Published January 13, 2015
School and law enforcement officials have told a St. Joseph man that he can't attend his son's eighth-grade graduation because he is a convicted sex offender and isn't allowed on school property.
James Jones, 36, said he may go anyway although the Buchanan County Sheriff's Department has told him he would be arrested and face up to four years in prison.
"I've already been punished for this. This isn't about me anymore. Now they're punishing my kids, and that's taking it a little too far," said Jones, who served five years in prison after being convicted in 1990 of forcible rape of a 15-year-old girl when he was 17.
"I'm always preaching education to my children. How does that make me look if I'm not there at graduation?"
In August 2006, a state law went into effect prohibiting sex offenders from going onto school property without permission from the district superintendent. The only exceptions were government meetings or polling sites.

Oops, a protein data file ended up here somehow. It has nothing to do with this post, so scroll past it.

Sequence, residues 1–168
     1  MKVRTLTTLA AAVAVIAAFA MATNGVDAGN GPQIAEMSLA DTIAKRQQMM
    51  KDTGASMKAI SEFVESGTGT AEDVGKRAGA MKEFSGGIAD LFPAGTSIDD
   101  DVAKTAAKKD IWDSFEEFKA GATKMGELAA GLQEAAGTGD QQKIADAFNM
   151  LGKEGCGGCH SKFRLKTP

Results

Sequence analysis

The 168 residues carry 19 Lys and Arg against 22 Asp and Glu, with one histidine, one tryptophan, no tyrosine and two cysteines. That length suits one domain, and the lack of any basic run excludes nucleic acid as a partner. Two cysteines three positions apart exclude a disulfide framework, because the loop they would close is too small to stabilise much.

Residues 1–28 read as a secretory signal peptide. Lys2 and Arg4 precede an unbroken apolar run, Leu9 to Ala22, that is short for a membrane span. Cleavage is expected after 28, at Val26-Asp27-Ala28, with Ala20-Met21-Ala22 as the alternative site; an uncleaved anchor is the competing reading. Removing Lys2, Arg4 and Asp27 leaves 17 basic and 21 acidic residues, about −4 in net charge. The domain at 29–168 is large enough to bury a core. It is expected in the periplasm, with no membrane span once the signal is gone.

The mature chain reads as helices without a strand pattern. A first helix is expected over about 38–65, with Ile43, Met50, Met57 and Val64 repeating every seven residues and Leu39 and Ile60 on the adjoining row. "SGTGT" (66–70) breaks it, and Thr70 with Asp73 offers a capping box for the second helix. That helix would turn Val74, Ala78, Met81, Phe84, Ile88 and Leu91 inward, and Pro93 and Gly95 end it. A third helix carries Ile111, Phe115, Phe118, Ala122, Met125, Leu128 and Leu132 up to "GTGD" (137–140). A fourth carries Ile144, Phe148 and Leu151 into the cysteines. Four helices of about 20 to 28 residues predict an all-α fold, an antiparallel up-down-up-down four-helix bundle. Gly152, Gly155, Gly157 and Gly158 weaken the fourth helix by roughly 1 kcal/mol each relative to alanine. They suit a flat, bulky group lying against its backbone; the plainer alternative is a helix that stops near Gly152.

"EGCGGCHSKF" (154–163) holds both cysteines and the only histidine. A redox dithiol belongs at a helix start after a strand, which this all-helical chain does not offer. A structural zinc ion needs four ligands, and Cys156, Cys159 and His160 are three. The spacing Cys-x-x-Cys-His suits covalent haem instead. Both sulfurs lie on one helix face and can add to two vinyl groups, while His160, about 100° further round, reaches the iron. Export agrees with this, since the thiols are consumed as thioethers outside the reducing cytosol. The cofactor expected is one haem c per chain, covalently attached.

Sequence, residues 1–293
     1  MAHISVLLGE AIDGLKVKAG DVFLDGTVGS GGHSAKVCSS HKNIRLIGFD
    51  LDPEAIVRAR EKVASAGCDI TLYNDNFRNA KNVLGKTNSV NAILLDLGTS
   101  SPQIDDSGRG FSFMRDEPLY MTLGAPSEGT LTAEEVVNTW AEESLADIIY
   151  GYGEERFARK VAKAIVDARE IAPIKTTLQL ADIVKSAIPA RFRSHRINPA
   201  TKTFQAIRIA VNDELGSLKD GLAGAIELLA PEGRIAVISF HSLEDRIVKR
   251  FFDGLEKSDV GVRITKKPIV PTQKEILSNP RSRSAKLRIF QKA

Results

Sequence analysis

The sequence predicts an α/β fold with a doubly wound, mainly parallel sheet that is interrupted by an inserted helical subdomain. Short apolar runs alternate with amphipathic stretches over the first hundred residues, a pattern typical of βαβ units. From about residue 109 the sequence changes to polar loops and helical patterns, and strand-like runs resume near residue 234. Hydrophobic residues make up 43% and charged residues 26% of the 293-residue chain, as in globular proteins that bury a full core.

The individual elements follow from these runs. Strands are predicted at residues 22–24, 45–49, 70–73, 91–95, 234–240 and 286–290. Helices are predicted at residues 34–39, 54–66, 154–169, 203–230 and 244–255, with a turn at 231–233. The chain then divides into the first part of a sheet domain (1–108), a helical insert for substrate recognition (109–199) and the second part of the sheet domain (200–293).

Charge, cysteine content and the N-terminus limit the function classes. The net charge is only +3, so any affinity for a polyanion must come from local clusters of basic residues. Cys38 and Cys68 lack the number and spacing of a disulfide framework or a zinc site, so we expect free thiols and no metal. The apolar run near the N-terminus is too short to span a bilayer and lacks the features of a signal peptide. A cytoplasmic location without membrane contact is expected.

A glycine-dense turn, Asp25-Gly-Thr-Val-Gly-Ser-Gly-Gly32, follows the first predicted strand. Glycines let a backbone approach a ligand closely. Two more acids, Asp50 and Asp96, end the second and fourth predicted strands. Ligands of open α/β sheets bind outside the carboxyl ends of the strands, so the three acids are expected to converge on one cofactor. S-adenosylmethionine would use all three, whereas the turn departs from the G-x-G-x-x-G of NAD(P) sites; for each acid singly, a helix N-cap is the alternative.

Rather than deal with individual requests, Buchanan County superintendents said they will ban all sex offenders from their schools.
"If I start deciding which offenders can and cannot be at school, then I become the judge. And it is not my position to judge a case. The courts have already done that," said St. Joseph School District Superintendent Melody Smith. "My job is to provide the safekeeping of 11,632 students and the people who attend our events."
Smith said she's denied requests by five offenders, four of whom visited her office.
"Half of them have been extremely sad about the decision, and half of them have been rudely angry," she said.
The county Board of Education, which would normally consider appeals, is so far backing Smith's decision.
Jones is not a registered sex offender as his offense happened before the state's sex offender registry law went into effect in 1995. That means he doesn't have to check in with the sheriff's department every 90 days, but he does have to follow other restrictions for sex offenders.
Sheriff's investigator Shawn Collie said although Jones has argued against the school property restriction more than any other offender, he has signed an agreement acknowledging he knows about the restriction. That means he can't claim ignorance if found on school grounds, such as for the May 22 graduation.
"We'll be there. And we'll arrest him if he's there," Collie said.